Tuesday, May 4, 2010

The NCBLA and President Obama Believe Citizens in a Democracy Have the Responsibility to Inform Themselves About Issues from a Variety of Perspectives


"The National Children's Book and Literacy Alliance, the NCBLA, created the national award winning book Our White House: Looking In, Looking Out because we believe that literacy is essential to the development of responsible citizens in a democracy.

Thomas Jefferson wrote in 1820: 'I know no safe depository of the ultimate powers of the society but the people themselves; and if we think them not enlightened enough to exercise their control with a wholesome discretion, the remedy is not to take it from them, but to inform their discretion by education. This is the true corrective of abuses of constitutional power.'

The more education Americans have, the more likely they are to be active citizens and vote in national and local elections.  Building on the links between literacy, historical literacy, and civic engagement, in Our White House and www.ourwhitehouse.org, we share historic and civic information that will help young people become thoughtful, engaged citizens. 

We encourage you and the young people in your life to seek legitimate news sources. Read newspapers, news magazines, and books in both traditional and electronic formats, moving beyond television sound bites and blog blurbs, seeking a variety of perspectives. As citizens, young and old, we need to make thoughtful decisions about national issues, national leadership, and our future; we can only do so if we are responsibly informed."

It seems President Obama feels the same way. In a commencement speech at the University of Michigan last week, President Obama stated:

"If you're someone who only reads the editorial page of The New York Times, try glancing at the page of The Wall Street Journal once in awhile. If you're a fan of Glenn Beck or Rush Limbaugh, try reading a few columns on the Huffington Post website. It may make your blood boil; your mind may not often be changed. But the practice of listening to opposing views is essential for effective citizenship. So too is the practice of engaging in different experiences with different kinds of people. 

For four years at Michigan, you have been exposed to diverse thinkers and scholars; professors and students. Do not narrow that broad intellectual exposure just because you're leaving here. Instead, seek to expand it. If you grew up in a big city, spend some time with some who grew up in a rural town. If you find yourself only hanging around with people of your race or your ethnicity or your religion, broaden your circle to include people who've had different backgrounds and life experiences. You'll learn what it's like to walk in someone else's shoes, and in the process, you'll help make this democracy work."

Introduce your kids, and yourself, to a wide variety of perspectives  on issues and current events. And take a look not only at the great art, poetry, information, and personal essays in Our White House: Looking In, Looking Out, but also at the "bookend" sections related to the War of 1812 and September 11th, where we "have purposely juxtaposed contradictory primary and secondary historical sources so that young people can experience what historians often discover in their search for objective truth – multiple perspectives representing different points of view."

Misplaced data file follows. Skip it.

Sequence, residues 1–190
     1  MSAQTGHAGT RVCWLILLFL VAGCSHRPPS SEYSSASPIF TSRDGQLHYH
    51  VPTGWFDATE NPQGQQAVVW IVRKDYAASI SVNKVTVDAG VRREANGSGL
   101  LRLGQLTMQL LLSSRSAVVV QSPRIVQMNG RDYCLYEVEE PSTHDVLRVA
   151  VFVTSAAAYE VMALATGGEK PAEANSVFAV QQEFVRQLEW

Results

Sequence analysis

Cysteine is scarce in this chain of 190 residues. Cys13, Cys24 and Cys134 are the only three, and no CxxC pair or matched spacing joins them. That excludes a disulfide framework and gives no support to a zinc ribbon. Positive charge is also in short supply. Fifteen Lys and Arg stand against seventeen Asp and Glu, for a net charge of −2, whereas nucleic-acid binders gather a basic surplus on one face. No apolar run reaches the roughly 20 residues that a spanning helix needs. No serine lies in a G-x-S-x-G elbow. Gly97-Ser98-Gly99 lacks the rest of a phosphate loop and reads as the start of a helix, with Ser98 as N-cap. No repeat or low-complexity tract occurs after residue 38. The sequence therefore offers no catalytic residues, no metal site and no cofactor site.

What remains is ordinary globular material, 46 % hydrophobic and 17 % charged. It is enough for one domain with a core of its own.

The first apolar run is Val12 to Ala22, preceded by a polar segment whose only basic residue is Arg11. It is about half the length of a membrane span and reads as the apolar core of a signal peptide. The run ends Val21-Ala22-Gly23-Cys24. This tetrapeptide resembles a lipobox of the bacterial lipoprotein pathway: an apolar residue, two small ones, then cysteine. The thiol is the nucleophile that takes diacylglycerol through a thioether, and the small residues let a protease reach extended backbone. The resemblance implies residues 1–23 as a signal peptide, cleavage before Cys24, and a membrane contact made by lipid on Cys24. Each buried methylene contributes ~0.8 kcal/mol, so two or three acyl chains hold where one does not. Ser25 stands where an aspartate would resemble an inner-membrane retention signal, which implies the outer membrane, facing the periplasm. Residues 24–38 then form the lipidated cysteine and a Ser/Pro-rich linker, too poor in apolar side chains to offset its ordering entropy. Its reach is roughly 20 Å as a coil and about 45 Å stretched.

We want to inspire young people to seek reliable historic and contemporary information sources that represent a wide variety of perspectives. We hope they will read, listen to, and reflect on these sources with a critical eye and ear, then discuss their thoughts and opinions with you – in the car, at the dinner table, and in the classroom.

Ask for Our White House: Looking In, Looking Out at your neighborhood library or bookstore, and read it aloud with the young people in your life! 

And be sure to check out the NCBLA's companion educational website at: www.ourwhitehouse.org 

Our White House Awards and Distinctions:
  • 2009-2010 National Endowment for the Humanities We the People “Picturing America
    Bookshelf Award
  • 2009 American Library Association’s Great Web Sites for Kids 
  • 2009 American Library Association Notable Children’s Book for All Ages, Nonfiction
  • 2009 National Council for Social Studies and the Children’s Book Council Notable
    Social Studies Trade Book for Young People
  • 2009 International Reading Association Teachers’ Choices Booklist Selection
  • Amazon.com Best Books of 2008 Top 10 Editors’ Pick for Middle Reader
  • Parents’ Choice Foundation Recommended Book Award, Fall 2008
  • School Library Journal Best Books of the Year 2008
  • The Horn Book Fanfare, Best Books of 2008
  • Publisher’s Weekly 2008 Best Books of the Year, Children’s Nonfiction
  • Publishers Weekly 2008 Cuffie Award,
    Best Nonfiction Treatment of a Subject, Honorable Mention
  • Scripps-Howard News Service Favorite Children's Book of 2008